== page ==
Professor James Crabbe's research in Jamaica and on the Belize barrier reef, supported by Earthwatch, addressed impact levels on coral reefs from climate-driven bleaching and storm events.
Professor Crabbe's latest paper, Modelling effects of geoengineering options in response to climate change and global warming: Implications for coral reefs was published in December, a time when world leaders gathered at the United Nations Climate Change Conference in Copenhagen. Here Professor Crabbe of the University of Bedfordshire discusses his latest findings and the future for coral reefs.
How long have you been researching coral reefs and what changes have you witnessed during that time?
Since 2000, when I first went to work on the fringing reefs around Discovery Bay in Jamaica. I then went to work on reefs in Indonesia, and later on with the second largest Barrier Reef in the world, off the coast of Belize in Central America. During that time the reefs have been hit by many impacts, such as bomb fishing and coral mining in Indonesia to hurricanes and mass bleaching in the Caribbean. Despite these human impacts and environmental and climate-induced stressors, some of the reefs I work on in Jamaica have shown resilience, for example coming back after the mass bleaching event of 2005.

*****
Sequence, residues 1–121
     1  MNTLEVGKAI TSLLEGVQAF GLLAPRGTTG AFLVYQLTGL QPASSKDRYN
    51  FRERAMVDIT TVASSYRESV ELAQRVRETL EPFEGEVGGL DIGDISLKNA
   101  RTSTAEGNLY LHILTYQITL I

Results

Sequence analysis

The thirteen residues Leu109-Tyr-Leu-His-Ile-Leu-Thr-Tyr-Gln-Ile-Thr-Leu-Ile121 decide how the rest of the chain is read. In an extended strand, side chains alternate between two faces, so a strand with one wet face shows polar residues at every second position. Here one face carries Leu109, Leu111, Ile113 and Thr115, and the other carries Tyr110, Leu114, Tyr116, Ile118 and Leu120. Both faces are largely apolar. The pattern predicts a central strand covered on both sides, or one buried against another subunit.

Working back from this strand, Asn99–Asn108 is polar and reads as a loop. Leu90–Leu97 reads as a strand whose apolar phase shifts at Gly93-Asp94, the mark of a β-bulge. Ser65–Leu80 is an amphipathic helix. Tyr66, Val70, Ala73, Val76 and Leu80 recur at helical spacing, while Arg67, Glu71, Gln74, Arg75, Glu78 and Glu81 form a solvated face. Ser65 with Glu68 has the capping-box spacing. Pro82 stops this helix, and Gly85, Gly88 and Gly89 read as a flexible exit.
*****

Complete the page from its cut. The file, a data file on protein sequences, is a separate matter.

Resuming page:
Why are coral reefs so important?
Coral reefs, found predominantly between the tropics of Capricorn and Cancer, provide an environment in which one-third of all known marine fish species and many thousands of other species are found, and from which 6 million tons of fish are caught annually.1